It’s really hot out there and she’d certainly done more than her fair share.
Bonus: It’s almost shocking how quickly the campus becomes a wholly different place after commencement. The wreath is still up on Willy’s tomb, though. Tiny detail–can anyone tell me what kind of wreath it is? It looks to me like the stuff they add to rose bouquets.
Extra Bonus: Loyal reader and Friends of Fondren board member Jeff Ross ’75 correctly identified Friday’s mystery grad as Mary Lowery ’88, the Friends’ Executive Director. She graduated again this weekend with a master’s in Non-Profit Administration from LSU-Shreveport.
Aren’t laurel leaves traditional?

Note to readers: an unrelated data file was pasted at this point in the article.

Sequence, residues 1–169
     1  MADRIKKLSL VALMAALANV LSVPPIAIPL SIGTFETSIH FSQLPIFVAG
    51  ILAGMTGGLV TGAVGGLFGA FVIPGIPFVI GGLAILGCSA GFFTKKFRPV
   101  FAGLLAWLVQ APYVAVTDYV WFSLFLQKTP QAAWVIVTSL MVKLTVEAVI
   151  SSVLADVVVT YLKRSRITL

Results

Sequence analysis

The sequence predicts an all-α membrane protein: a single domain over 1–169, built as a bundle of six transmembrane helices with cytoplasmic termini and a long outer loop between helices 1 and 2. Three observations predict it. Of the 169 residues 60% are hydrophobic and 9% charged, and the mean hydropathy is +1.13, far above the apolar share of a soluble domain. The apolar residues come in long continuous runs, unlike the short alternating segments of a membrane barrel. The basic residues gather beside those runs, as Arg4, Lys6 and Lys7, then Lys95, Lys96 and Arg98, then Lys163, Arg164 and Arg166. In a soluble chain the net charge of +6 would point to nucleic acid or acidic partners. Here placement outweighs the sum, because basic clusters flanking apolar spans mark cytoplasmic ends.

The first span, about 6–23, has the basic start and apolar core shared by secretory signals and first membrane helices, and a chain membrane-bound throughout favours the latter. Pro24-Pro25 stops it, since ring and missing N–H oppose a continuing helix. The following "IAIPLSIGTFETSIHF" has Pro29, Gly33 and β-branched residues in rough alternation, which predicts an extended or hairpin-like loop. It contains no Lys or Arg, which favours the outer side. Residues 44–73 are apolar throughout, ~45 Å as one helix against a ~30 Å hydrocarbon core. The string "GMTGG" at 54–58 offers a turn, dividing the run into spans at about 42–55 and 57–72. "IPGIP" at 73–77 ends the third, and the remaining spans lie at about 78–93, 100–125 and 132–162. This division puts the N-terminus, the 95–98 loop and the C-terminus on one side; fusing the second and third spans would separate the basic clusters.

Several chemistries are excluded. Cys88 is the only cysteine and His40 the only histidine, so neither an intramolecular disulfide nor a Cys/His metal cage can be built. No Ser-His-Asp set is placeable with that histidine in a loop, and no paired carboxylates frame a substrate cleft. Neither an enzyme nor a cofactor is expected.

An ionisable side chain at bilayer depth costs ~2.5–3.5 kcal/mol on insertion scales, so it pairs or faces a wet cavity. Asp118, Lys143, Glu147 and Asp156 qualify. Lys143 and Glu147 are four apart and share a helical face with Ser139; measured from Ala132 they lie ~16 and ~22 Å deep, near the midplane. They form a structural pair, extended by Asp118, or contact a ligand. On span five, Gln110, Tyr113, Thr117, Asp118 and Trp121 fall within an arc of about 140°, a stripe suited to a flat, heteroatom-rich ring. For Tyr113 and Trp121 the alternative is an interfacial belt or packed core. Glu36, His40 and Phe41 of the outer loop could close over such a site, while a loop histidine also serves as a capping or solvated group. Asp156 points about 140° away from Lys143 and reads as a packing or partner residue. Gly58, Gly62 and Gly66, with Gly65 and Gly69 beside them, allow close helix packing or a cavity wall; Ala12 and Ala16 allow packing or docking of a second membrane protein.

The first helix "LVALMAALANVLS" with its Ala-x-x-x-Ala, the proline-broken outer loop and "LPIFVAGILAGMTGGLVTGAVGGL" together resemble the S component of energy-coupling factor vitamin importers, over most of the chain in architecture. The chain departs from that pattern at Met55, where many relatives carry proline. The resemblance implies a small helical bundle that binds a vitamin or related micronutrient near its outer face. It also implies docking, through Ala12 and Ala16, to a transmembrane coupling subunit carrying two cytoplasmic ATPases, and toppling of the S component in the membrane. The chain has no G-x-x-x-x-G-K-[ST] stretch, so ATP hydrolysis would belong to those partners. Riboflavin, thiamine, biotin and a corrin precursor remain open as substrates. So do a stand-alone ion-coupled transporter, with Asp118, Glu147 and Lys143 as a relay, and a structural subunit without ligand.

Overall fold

Those look like magnolia leaves tome
I say magnolia as well.
Congratulations to Mary Lowery!
Seems they should be Laurel leaves.
This was my commencement post, and they were laurel.
Did anyone crush and smell the leaves of the wreath.
I thought crushed laurel leaves smelled like camphor. The “camphor tree” is a laurel, I think.
This short article gives an interesting rundown of many laurel attributes, including the origin of the laurel wreath: https://culinarylore.com/spices:difference-between-bay-leaves-and-laurels/ (The word “laureate,” for example, is derived from the honor of receiving a laurel wreath.)
Botanically, the laurel family (Lauraceae) includes some 3,000 different species, many with aromatic leaves and/or bark, such as the bay laurel (Laurus nobilis), California bay laurel (Umbellularia californica, which has a stronger flavor), cinnamon, sassafras and camphor. The avocado is also in the laurel family.
Thanks for the URL; I read and memorized the whole thing.
And for those who have forgotten their taxonomy:
Now you will never forget.
However you will never be able to admit your pneumonic (?sp).